I am Canadian...Don't hurt me

I am not a seasoned traveller. I have never been beyond the invisible line that acts as my country's border. I keep to myself, my space, my province and never bother the outside world unless it is to pester them on the world wide web.

I'm a homebody. But next week, for the first time ever, I shall grow a set of nuts wings and leave all that is safe and familiar to expand my horizons and leave my mark on the world.

Like a dog marking it's territory, I'm lifting my leg and getting on a jet plane to pee on the world. Specifically, the United States of America. Our friendly neighbour to the south. Big Brother. The States.

I mean, how different can y'all be? We watch the same television (thank the heavens for that, because Canadian broadcasting is well, fucking boring. Once they took the Beachcombers, the Friendly Giant and Casey and Finnegan off the air, it all went down hill. And I would know. The only channel I get with out any static is our national CBC channel.) We enjoy the same modern conveniences. (How I love my indoor plumbing, my iPod and my McDonald's drive thru.) We even laugh at the same jokes. (Insert lawyer/political/blonde joke here...)

How hard can it be? At least that is what I thought until I posted this last week. Who knew a whippersnipper could cause such a cultural drift? It's a fucking weed whacker, grass trimmer, cutter of all green things that shouldn't be there. (In my case it also operates as an instrument of terror which I chase my kids and dog around with while gunning the motor.)

Here I thought we spoke the same language as you Yanks. Turns out I was wrong. Oh, I get flack from time to time for my spelling words with a U (neighbour, colour, etc) from my American friends. And when I speak on the phone to my southern neighbours I am occasionally razzed that I pronounce my Z's like Zed instead of Zee and for using the term "Eh?" at the end of more than a few sentences.

(I can't help it. It's a conversational device that allows me to turn any phrase I say into an opinion poll without seeming pushy. It's like breathing air. I can't. Stop. It. Eh?)

As Canadians spread from sea to shining sea, we are a vast and varied people. But we all have a common bond. We all perk up when we hear the theme song to Hockey Night in Canada, and we all know that shopping in a crowded Canadian Tire store on a Saturday is worse than taking a pack of toddlers into a Toys-R-Us at Christmas time.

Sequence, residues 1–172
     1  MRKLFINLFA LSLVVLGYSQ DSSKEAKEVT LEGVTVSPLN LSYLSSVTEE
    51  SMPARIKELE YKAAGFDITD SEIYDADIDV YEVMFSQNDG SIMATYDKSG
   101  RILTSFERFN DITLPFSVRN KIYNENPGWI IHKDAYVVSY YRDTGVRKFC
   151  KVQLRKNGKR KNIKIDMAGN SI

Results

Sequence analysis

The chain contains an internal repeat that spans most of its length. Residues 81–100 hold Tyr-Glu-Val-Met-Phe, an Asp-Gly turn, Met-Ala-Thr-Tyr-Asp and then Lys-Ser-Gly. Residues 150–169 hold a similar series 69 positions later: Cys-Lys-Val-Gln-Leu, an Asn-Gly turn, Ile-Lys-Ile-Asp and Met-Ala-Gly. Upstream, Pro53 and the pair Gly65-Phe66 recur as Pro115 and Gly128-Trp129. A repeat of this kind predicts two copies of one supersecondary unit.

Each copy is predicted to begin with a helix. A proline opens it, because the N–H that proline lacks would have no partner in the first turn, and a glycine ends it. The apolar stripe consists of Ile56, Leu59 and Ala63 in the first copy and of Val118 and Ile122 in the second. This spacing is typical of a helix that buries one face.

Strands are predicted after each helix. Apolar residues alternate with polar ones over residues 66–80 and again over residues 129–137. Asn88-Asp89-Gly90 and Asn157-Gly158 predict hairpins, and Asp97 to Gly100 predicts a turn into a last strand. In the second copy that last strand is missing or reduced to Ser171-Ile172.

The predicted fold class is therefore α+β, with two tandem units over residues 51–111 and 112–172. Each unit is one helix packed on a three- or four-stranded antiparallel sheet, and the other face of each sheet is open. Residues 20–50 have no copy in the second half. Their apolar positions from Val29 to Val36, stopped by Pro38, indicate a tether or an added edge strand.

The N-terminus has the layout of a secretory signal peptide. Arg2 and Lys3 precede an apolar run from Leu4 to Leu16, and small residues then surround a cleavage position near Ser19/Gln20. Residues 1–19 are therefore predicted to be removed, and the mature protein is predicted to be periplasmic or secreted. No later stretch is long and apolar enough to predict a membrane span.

And coast to coast, we speak a language of slang Yanks have yet to embrace. My husband fears that while I am walking the slick city streets of Chicago next week, I will need a translator to interpret my speech.

All right, that may have been an over exaggeration, unless of course I wander into a restaurant and ask for some screech or swish, a bowl of poutine, a pike, a butter tart, a glass of homo milk, a two-four and a beaver tail and then complain because they didn't bring a serviette with it.

(After that meal, I'd be wandering around Chicago, flashing my girls and wandering around asking people how many clicks it is to the nearest Mountie office, while wearing my toque in the dead of the summer.)

Might as well pin a "Kick Me, I'm a Canadian tourist" sign on my back now.

Not that I'm dreading my visit South. As a sports nut (most Canucks are. Afterall, we invented lacrosse, basketball and of course, our national past time, hockey), the idea of being on the very soil that houses Wrigley field is almost too much for me to take in. I dream of being able to break past security, and run naked around the stadium, while imagining the stands filled with screaming people all chanting "Redneck! Redneck!"

(Everyone has to have a dream.)

My biggest fear is my sophisticated American friends will think I'm a hillbilly and believe me as indicative of all Canadian peoples. Classless. (Thank goodness other Canadians will be there to prove that theory wrong.) I'm not. I'm a REDNECK, who lives in the sticks; albeit very close to where the Inuit used to actually live in igloos, and I'm an educated woman.

(After all, thanks to our country I have an extensive education in bilingual cereal packaging. I know the french equivalents for free, prize and no sugar added.)

Just because I have to frequently clean the grease off my barbeque so the bears will stay off my deck and I make sure Nixon the World's Greatest Dog, Ever. stays by my side so as not to get eaten by a cougar does not make me a hillbilly.

We Canadians aren't so very different from Americans. Sure we think that any beer with less than 6% alcohol is for sissies and the elderly, but really. Isn't it? Yes, we design our kids halloween costumes around their snowsuits, and we trot them out to go trick or treating in a blizzard, but that just makes us a hardy people.

More reason for the Americans to love us. We're not sissies nor wimps.

I plan to spend this week brushing up on my American history, and trying to remember to say 'about' as 'aboot' when I'm next door. After all, I just want to fit in and not cause any kerfluffles.

That's what a good hoser does.